University of British Columbia
Centre for Infant Cognition
The Centre for Infant Cognition (CIC), at the University of British Columbia, in Vancouver, Canada, uses analysis tools provided by Noldus for detailed behavioral coding. Noldus’ MediaRecorder is used to record study sessions and is installed on multiple online coding stations. The cameras used in their studies are controlled by MediaRecorder software, which contains adjustable camera angles offering optimal viewing points. This allows the researchers to fully capture an infant’s eye gaze and body behavior during a study.
Analyzing infants behavior in detail
Additionally, the CIC uses The Observer XT to record study events, and further analyze this data. It allows them to analyze behavior processes at a very detailed level that could not be obtained manually.
More specifically, it is used to look at minute (small/precise) eye gaze changes, hand gestures, and emotions of infants while they are observing a moral dilemma or social interaction, which is usually depicted in a puppet show. For example, when the infant is asked to share treats with the puppet.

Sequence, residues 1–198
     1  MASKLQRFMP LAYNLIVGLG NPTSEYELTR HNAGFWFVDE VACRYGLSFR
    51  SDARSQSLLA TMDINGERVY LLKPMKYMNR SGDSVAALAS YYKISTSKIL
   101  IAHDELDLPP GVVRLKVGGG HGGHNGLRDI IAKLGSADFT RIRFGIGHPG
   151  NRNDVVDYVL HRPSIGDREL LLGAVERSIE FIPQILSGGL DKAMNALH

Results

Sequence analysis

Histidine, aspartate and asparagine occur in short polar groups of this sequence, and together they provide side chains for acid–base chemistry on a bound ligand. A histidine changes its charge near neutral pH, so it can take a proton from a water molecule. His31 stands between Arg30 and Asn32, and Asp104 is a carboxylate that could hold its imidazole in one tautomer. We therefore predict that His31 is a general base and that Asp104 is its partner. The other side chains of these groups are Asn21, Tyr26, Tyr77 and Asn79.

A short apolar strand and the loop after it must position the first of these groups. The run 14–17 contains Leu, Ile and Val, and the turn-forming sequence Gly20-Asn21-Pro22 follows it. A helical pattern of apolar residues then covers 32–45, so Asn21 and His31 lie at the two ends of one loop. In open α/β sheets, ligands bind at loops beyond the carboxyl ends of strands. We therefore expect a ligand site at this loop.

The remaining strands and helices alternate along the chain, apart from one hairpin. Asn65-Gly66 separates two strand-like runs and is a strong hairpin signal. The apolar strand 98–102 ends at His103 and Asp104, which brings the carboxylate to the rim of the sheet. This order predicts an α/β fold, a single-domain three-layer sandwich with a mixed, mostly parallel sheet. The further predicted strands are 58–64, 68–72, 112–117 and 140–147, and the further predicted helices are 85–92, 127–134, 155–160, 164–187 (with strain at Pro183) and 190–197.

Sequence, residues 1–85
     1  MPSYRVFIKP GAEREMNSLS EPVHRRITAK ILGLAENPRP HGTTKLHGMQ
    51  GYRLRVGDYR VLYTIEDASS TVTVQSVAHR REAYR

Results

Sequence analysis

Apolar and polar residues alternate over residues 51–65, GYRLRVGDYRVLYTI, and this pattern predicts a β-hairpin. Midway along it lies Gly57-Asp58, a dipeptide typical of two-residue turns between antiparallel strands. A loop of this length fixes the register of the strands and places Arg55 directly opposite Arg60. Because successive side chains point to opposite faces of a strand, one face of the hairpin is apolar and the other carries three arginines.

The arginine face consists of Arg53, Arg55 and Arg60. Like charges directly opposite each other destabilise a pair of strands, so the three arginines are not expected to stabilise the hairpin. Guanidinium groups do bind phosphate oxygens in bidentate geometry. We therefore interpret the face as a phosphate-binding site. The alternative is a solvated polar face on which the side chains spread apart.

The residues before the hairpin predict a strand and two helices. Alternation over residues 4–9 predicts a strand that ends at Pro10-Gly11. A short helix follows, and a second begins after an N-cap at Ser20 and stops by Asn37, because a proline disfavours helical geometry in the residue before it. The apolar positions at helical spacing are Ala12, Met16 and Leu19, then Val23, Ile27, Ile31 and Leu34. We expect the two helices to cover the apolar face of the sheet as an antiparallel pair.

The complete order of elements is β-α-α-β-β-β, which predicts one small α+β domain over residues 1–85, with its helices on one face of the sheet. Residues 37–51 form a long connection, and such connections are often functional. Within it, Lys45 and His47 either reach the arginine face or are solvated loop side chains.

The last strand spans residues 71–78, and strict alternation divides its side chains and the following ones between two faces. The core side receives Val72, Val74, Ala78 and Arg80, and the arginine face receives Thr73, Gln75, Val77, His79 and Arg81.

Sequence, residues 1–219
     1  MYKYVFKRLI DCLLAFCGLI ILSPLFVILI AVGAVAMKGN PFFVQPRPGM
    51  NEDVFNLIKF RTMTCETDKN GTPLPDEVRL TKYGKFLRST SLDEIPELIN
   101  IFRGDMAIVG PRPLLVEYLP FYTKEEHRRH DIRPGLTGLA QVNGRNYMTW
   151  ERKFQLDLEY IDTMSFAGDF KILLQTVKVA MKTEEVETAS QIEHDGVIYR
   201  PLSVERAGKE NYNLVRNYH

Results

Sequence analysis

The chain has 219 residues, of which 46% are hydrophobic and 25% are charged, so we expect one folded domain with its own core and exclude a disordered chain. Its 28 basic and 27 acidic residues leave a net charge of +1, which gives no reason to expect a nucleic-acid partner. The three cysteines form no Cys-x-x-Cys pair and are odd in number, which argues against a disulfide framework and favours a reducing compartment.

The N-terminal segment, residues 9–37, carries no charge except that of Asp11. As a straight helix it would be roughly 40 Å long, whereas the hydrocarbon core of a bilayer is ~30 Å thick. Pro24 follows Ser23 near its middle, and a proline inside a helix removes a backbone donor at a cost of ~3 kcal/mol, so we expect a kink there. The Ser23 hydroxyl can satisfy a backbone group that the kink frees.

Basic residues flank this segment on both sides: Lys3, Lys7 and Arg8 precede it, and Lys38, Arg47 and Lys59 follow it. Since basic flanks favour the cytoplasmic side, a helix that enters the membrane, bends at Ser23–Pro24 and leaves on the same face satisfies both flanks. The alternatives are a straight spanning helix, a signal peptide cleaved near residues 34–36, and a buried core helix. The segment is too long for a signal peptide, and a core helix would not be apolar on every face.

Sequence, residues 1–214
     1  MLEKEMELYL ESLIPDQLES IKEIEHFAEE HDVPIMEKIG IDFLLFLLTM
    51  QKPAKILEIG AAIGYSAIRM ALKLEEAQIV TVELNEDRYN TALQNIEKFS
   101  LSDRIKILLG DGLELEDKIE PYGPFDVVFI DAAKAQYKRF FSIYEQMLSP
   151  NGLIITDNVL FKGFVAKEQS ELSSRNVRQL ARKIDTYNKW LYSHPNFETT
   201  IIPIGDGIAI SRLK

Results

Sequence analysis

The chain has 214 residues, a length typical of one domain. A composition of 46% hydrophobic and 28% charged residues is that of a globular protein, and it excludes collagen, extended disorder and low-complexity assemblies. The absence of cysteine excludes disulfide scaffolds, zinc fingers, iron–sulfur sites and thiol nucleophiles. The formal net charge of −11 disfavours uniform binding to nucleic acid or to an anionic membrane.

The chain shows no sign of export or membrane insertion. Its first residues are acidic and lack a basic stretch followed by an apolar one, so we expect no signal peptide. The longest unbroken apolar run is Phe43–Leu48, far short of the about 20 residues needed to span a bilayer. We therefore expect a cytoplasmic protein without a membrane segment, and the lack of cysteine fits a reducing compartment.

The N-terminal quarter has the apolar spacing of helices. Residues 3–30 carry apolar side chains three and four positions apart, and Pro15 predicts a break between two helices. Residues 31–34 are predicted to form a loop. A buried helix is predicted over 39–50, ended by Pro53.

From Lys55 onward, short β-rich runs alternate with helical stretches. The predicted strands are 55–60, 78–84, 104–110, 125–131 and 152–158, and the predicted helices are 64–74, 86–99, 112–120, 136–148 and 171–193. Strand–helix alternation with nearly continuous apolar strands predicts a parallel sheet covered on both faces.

CIC participates in ManyBabies projects
A global network of more than 500 developmental researchers, including the research team of CIC, are involved in the ManyBabies projects. Their goal is to address difficult outstanding theoretical and methodological questions about the nature of early development and how it is studied.
The projects are organized in main projects (either empirical or methodological), spin-off projects, and secondary analyses. The 6 empirical projects aim to gain knowledge by means of direct and indirect observation or experience. They are explained below.
Do infants have a preference for IDS, and how does this preference vary across age, native language background, and method?
The false belief task is central; predicting how an agent will act based on the infants' (mis)representation of the world.
Can infants learn rules over patterned syllable sequences and generalize those rules to novel syllable sequences?
The aim is to replicate the helping/hindering finding reported by Hamlin, Wynn, & Bloom (2007).
Do factors such as task difficulty, infant age, and familiarization time shape infants’ preferences for familiar and novel stimuli?
What is the nature of neonatal infants' imitation of facial gestures? Do newborns imitate actions of others?
The Centre for Infant Cognition at the University of British Columbia is headed by Dr. Kiley Hamlin. It is a part of the Early Development Research Group, and examines infants’ evaluations of moral dilemmas and social interactions. The purpose of their research is to understand how infants reason about their surrounding environment.